Tangelo wine doesn’t mature well! One year at the very end of the tangelo season I juiced a couple of litres of tangelo juice. Added yeast and wine nutrient and fermented it out. Once clarified I bottled up and put away for a month or two.

Typically a wine tastes quite harsh until 6 months of age, then slowly improves for some time after this. After about 3 months, my brother and I were doing some homebrew tastings and decided to see how the tangelo wine was going. It tasted pretty good, it had low body which the next batch could be corrected with tannins, but had good color, reasonable taste, so given it was still very young I was very pleased with myself.

I put it away again and pulled out 6+ months later expecting to have a pleasant wine. It was very unpleasantly bitter, so much so it got put down the drain. I was so gutted, and peeved that my hard work had come to nothing and that it got worse with age instead of better! So very unexpected.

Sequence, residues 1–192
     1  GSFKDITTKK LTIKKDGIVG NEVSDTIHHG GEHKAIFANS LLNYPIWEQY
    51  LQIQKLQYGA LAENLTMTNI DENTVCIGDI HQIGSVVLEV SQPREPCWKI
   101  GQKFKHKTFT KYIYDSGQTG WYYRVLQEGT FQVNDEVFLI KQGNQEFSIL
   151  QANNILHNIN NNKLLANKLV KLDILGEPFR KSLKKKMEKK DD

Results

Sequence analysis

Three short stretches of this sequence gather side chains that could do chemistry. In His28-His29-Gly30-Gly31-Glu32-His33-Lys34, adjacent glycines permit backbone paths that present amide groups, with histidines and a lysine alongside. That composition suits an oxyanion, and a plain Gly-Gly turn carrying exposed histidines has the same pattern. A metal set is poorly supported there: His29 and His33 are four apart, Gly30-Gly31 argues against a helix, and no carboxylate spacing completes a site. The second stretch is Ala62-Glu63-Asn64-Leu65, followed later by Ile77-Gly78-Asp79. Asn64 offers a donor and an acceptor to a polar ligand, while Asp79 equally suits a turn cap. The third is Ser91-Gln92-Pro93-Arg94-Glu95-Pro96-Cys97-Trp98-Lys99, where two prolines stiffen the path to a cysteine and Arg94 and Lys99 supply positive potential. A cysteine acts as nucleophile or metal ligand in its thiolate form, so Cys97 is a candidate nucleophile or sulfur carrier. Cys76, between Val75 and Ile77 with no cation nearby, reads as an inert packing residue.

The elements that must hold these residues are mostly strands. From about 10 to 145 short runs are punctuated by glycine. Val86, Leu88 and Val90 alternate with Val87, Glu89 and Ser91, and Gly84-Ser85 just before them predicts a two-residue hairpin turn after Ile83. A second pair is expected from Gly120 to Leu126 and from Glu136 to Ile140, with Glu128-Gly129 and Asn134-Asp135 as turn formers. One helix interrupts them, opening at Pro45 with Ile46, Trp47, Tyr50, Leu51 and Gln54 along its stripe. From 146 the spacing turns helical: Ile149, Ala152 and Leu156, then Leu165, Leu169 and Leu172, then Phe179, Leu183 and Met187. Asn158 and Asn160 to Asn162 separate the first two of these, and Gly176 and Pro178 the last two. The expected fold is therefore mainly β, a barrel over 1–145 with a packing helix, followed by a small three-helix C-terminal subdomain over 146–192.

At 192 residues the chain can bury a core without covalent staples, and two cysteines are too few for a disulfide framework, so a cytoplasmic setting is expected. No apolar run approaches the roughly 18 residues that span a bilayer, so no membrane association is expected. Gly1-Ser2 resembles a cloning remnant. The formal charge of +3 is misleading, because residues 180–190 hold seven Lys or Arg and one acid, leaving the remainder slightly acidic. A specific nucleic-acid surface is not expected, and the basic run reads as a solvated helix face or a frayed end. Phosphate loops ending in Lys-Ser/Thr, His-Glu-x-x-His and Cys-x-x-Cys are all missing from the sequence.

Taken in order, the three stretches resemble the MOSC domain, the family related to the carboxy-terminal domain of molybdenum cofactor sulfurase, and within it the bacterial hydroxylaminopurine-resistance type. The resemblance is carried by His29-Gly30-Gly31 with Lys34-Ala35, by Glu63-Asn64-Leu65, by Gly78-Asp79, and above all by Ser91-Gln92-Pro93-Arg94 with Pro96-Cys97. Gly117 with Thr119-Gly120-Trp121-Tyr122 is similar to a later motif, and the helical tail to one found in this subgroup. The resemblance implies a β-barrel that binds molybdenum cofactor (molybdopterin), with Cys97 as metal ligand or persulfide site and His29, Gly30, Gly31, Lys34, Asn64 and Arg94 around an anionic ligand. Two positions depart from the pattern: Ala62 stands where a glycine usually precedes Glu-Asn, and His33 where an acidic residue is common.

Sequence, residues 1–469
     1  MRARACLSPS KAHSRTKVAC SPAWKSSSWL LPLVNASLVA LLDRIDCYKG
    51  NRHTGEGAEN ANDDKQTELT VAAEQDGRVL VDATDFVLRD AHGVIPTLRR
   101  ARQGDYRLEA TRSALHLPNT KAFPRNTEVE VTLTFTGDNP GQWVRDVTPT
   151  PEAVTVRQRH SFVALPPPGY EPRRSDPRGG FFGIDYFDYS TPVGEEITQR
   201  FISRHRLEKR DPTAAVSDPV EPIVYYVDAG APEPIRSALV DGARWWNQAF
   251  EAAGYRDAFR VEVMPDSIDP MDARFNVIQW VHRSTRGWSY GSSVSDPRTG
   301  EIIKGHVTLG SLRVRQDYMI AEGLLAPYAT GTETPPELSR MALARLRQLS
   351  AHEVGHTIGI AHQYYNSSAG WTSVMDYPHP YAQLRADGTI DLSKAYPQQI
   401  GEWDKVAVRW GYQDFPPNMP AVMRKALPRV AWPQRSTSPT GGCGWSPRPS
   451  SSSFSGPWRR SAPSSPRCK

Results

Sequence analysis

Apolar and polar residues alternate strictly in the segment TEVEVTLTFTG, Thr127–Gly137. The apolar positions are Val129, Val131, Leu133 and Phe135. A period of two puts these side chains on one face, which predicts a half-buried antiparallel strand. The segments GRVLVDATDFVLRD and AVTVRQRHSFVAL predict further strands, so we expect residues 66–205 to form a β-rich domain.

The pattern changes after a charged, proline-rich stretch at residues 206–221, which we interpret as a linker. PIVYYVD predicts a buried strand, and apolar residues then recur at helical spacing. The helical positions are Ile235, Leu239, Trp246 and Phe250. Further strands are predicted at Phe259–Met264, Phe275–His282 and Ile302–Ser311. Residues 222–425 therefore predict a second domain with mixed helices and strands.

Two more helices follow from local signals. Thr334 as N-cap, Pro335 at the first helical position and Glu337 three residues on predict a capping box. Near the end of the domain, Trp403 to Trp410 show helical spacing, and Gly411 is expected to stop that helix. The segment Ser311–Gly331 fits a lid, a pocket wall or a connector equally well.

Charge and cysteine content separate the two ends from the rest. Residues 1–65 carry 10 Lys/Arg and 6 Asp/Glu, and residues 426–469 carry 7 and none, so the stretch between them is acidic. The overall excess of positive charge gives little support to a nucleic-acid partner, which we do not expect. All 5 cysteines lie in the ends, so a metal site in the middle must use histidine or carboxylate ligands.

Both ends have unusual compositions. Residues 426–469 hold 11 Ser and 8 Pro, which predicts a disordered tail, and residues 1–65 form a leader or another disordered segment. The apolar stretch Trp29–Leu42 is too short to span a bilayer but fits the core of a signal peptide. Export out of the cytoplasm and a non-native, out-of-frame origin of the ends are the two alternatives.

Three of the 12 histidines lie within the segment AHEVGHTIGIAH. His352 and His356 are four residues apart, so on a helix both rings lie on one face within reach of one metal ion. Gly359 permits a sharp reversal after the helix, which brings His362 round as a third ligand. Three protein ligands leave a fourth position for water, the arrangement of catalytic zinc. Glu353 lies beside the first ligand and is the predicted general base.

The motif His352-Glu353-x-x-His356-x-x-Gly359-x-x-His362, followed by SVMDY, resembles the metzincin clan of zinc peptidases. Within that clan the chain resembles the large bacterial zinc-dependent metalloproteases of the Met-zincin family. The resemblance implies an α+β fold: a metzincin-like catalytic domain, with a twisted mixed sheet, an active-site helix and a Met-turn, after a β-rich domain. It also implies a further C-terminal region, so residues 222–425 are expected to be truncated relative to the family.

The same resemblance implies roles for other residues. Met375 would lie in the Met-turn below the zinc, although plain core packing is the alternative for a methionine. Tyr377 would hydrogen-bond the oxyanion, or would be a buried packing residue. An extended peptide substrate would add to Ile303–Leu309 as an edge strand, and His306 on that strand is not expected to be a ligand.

Do you have any particular recipes or ideas for the best use of some of your products?

My mother in law makes a wicked dessert that uses candied tangelo peel sprinkled on top of tangelo ice cream. I have no idea about the recipe but it is delicious.

To find out more:

Do you want to see which of the delicious organic produce From David Whyte is currently available through Ooooby? Click here – David Whyte Produce

You can pop on over to David Whytes YouTube channel to learn more about what they are doing on the farm: David Whyte YouTube

Visit https://www.ooooby.co.nz to get all your organic food needs delivered to your home and don’t forget that all this great produce can help keep you healthy. Read here to learn more about boosting your immunity.